Compiling and running MPI codes

Unless you target specific machines on Axiom, we highly recommend you to compile your code on a compute node of Wally, so that you are sure that your program will run everywhere on the clusters.

To this end you can use an interactive session on the debug partition:
$ Sinteractive -p debug
To illustrate the procedure we will compile and run a MPI hello world example from mpitutorial.com. First we download the source code:
$ wget https://raw.githubusercontent.com/mpitutorial/mpitutorial/gh-pages/tutorials/mpi-hello-world/code/mpi_hello_world.c

 

Compiling with GCC

To compile the code, we first need to load the gcc and mpich modules:

$ source /dcsrsoft/spack/bin/setup_dcsrsoft
$ module load gcc
$ module load mpich                                                                                                                                       
Then we can produce the executable called mpi_hello_world by compiling the source code mpi_hello_world.c:
$ mpicc mpi_hello_world.c -o mpi_hello_world
To run it, we create a Slurm submission script called run_mpi_hello_world.sh, where we ask to run a total of 4 MPI tasks with (at max) 2 tasks per node:
#!/bin/bash

#SBATCH --partition wally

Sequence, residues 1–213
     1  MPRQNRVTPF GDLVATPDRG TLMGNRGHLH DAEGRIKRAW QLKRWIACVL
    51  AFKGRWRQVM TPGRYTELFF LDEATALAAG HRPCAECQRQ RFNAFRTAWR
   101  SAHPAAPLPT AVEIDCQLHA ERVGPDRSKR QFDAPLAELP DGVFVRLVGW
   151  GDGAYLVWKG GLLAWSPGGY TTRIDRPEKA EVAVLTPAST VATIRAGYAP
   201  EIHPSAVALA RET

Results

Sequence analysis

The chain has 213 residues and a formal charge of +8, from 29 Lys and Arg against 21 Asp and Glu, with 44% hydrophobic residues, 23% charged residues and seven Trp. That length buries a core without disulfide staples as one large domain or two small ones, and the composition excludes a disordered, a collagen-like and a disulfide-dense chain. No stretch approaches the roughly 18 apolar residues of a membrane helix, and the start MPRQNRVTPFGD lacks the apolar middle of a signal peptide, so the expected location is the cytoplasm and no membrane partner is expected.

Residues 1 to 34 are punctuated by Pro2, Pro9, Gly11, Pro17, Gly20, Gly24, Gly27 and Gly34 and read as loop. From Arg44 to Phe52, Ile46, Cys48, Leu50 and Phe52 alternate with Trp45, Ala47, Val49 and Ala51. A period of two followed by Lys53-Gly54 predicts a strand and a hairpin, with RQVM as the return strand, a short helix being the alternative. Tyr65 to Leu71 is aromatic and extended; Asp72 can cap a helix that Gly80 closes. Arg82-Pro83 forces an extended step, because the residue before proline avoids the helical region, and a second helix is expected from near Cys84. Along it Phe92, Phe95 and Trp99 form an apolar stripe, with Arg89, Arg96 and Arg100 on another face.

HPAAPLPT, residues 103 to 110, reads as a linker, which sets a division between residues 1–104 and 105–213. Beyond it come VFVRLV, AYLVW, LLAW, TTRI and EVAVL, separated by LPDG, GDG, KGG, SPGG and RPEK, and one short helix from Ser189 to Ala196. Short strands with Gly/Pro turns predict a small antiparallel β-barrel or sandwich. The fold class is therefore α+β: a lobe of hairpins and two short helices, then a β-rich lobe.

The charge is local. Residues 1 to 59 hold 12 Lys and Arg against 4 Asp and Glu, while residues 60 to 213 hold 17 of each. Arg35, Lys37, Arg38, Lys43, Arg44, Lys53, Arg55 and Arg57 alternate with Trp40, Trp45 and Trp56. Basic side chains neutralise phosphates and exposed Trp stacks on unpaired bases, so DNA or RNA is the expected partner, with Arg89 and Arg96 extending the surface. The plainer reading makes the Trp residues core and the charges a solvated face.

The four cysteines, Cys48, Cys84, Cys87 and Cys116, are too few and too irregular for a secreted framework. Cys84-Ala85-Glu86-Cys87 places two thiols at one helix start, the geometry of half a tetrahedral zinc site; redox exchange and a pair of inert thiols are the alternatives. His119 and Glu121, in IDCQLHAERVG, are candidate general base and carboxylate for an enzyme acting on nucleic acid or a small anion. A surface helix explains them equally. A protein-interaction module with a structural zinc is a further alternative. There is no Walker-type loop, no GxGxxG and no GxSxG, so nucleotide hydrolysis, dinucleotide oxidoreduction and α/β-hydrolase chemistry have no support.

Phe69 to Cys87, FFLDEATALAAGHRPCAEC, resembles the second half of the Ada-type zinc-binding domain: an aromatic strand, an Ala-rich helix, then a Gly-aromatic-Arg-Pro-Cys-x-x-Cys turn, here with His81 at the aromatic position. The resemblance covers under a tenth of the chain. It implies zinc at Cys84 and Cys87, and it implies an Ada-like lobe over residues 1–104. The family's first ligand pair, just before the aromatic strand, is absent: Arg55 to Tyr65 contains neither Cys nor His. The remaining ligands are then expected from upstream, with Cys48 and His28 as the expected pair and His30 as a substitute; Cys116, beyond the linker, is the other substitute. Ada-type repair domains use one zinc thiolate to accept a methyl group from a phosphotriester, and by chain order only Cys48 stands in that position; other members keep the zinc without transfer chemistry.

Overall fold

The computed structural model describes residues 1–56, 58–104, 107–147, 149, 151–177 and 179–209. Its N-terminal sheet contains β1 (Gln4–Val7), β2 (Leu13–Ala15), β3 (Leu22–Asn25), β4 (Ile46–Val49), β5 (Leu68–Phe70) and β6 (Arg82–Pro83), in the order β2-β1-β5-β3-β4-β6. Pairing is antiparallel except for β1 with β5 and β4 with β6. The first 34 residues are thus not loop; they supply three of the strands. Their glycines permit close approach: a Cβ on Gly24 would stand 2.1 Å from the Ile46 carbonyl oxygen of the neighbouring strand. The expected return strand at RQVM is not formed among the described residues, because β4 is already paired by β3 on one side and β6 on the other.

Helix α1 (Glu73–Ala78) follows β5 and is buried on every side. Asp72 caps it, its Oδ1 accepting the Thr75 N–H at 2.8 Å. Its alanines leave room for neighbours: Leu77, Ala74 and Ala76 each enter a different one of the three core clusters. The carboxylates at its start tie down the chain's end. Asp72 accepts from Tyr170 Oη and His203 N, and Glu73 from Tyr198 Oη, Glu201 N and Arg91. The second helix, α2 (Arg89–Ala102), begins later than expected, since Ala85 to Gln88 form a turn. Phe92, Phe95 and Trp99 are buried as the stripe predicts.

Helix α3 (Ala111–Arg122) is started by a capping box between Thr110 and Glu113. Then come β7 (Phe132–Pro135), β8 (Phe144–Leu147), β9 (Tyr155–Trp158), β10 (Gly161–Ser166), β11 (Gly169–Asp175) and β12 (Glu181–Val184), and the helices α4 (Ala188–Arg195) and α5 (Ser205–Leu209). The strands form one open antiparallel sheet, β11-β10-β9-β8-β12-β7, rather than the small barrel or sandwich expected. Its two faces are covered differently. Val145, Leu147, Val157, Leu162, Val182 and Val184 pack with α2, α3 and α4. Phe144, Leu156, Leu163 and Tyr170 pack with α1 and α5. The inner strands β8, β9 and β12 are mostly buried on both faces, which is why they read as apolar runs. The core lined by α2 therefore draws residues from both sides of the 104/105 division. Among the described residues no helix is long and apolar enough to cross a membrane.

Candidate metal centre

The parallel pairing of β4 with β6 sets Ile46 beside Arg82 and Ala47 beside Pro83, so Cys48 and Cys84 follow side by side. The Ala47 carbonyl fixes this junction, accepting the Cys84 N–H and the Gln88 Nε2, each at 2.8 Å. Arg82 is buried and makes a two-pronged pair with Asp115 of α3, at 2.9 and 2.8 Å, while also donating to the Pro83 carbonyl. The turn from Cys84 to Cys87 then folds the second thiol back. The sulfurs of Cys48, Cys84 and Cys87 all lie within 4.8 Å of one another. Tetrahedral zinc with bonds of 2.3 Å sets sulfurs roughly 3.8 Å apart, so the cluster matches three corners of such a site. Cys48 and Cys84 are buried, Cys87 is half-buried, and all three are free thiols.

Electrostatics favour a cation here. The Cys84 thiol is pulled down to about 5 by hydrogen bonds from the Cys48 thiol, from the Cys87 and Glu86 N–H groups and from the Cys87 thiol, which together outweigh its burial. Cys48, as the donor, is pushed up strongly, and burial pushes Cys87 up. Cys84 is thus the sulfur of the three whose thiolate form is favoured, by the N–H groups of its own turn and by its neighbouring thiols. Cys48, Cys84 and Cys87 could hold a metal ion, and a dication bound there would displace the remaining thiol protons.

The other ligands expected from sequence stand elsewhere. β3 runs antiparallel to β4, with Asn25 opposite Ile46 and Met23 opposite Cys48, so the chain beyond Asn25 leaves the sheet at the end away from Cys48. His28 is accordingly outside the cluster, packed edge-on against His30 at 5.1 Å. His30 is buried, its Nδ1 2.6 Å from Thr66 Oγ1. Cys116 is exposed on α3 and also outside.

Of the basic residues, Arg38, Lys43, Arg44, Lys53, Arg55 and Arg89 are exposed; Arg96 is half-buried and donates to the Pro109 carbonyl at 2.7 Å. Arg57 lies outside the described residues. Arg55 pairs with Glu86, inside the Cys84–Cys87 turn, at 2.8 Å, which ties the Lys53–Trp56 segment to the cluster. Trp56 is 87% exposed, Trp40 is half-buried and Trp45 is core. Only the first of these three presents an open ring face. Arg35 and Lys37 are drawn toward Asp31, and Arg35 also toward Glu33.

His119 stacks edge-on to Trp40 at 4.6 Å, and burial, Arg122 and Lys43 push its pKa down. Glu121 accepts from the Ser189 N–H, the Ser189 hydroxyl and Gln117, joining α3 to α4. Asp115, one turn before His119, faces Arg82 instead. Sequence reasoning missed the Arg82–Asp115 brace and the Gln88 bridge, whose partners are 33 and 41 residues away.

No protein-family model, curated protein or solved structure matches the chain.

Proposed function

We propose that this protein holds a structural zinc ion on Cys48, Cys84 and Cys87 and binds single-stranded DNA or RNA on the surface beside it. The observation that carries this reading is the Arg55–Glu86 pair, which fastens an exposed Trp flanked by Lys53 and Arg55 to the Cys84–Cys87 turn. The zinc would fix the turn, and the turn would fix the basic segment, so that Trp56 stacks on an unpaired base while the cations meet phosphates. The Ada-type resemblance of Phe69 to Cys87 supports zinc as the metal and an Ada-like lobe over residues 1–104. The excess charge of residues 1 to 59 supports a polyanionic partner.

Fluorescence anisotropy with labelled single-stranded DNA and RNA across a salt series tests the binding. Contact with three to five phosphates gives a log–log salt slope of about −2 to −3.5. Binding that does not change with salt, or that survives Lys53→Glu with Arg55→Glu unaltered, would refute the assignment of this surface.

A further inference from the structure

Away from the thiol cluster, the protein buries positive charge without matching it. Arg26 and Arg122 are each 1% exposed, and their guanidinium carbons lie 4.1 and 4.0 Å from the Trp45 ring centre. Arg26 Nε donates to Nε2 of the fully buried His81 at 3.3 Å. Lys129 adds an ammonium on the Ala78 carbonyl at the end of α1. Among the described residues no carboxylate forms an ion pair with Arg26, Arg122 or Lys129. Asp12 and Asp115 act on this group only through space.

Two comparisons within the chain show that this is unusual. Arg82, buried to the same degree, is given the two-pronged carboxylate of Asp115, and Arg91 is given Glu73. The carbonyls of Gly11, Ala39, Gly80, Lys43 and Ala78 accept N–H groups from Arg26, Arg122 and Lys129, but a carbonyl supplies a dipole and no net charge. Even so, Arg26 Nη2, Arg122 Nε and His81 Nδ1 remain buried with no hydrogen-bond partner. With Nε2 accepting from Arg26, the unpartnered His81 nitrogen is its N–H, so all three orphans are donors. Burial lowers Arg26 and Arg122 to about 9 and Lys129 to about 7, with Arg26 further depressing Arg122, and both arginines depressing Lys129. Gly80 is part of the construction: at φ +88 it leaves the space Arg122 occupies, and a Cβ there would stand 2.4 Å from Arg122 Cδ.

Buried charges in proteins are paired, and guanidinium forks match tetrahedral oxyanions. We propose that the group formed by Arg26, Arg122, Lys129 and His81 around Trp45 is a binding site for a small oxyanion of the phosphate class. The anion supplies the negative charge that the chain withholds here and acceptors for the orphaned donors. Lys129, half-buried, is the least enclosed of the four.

#SBATCH --time 00-00:05:00
#SBATCH --mem=2G
#SBATCH --ntasks 4
#SBATCH --ntasks-per-node 2
#SBATCH --cpus-per-task 1

module purge
source /dcsrsoft/spack/bin/setup_dcsrsoft
module load gcc
module load mpich
module list

EXE=mpi_hello_world
[ ! -f  $EXE ] && echo "EXE $EXE not found." && exit 1

srun --mpi=pmi2 $EXE
Finally, we submit our MPI job with:
$ sbatch run_mpi_hello_world.sh

Upon completion you should get something like:
...
slurmstepd: error: mpi/pmi2: no value for key  in req
slurmstepd: error: mpi/pmi2: no value for key  in req
Hello world from processor cpt009.wally.unil.ch, rank 1 out of 4 processors
Hello world from processor cpt009.wally.unil.ch, rank 3 out of 4 processors
Hello world from processor cpt008.wally.unil.ch, rank 0 out of 4 processors
Hello world from processor cpt008.wally.unil.ch, rank 2 out of 4 processors

You can ignore the slurmstepd lines. What is important to check is that you have a single group of 4 processors and not 4 groups of 1 processor. If that's the case, you can now compile and run your own MPI application.

 

Compiling with Intel

Rather than compiling with GCC and MPICH, you can compile and run your MPI application with the tools from Intel. So, instead of loading the modules gcc and mpich, you load the modules intel and intel-mpi:

$ source /dcsrsoft/spack/bin/setup_dcsrsoft
$ module load intel
$ module load intel-mpi 

To compile, use the Intel compiler wrapper mpiicc (rather than MPICH's mpiic):

$ mpiicc mpi_hello_world.c -o mpi_hello_world

And to run, simply load the right modules accordingly:

#!/bin/bash

#SBATCH --partition wally
#SBATCH --time 00-00:05:00
#SBATCH --mem=2G
#SBATCH --ntasks 4
#SBATCH --ntasks-per-node 2
#SBATCH --cpus-per-task 1

module purge
source /dcsrsoft/spack/bin/setup_dcsrsoft
module load intel
module load intel-mpi
module list

EXE=mpi_hello_world
[ ! -f  $EXE ] && echo "EXE $EXE not found." && exit 1

srun --mpi=pmi2 $EXE

Revision #8
Created 2 November 2020 12:37:55 by Etienne Orliac
Updated 3 February 2021 11:48:23 by Etienne Orliac